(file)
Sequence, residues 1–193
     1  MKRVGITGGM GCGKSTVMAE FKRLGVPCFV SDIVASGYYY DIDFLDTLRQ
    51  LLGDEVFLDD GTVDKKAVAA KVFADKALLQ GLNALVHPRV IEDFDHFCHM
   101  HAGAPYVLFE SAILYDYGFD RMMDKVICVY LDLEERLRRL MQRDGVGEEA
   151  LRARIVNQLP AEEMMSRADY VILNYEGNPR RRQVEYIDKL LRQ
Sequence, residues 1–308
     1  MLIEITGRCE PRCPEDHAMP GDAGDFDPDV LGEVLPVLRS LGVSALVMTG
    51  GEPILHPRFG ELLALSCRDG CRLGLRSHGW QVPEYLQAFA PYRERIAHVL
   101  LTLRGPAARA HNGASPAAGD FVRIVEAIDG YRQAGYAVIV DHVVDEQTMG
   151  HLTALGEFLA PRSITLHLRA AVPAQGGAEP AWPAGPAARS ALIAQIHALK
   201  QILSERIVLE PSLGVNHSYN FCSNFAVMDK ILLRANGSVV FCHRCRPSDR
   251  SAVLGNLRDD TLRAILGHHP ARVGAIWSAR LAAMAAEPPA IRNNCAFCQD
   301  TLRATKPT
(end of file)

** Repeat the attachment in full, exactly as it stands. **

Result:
Sequence, residues 1–193
     1  MKRVGITGGM GCGKSTVMAE FKRLGVPCFV SDIVASGYYY DIDFLDTLRQ
    51  LLGDEVFLDD GTVDKKAVAA KVFADKALLQ GLNALVHPRV IEDFDHFCHM
   101  HAGAPYVLFE SAILYDYGFD RMMDKVICVY LDLEERLRRL MQRDGVGEEA
   151  LRARIVNQLP AEEMMSRADY VILNYEGNPR RRQVEYIDKL LRQ
Sequence, residues 1–308
     1  MLIEITGRCE PRCPEDHAMP GDAGDFDPDV LGEVLPVLRS LGVSALVMTG
    51  GEPILHPRFG ELLALSCRDG CRLGLRSHGW QVPEYLQAFA PYRERIAHVL
   101  LTLRGPAARA HNGASPAAGD FVRIVEAIDG YRQAGYAVIV DHVVDEQTMG
   151  HLTALGEFLA PRSITLHLRA AVPAQGGAEP AWPAGPAARS ALIAQIHALK
   201  QILSERIVLE PSLGVNHSYN FCSNFAVMDK ILLRANGSVV FCHRCRPSDR
   251  SAVLGNLRDD TLRAILGHHP ARVGAIWSAR LAAMAAEPPA IRNNCAFCQD
   301  TLRATKPT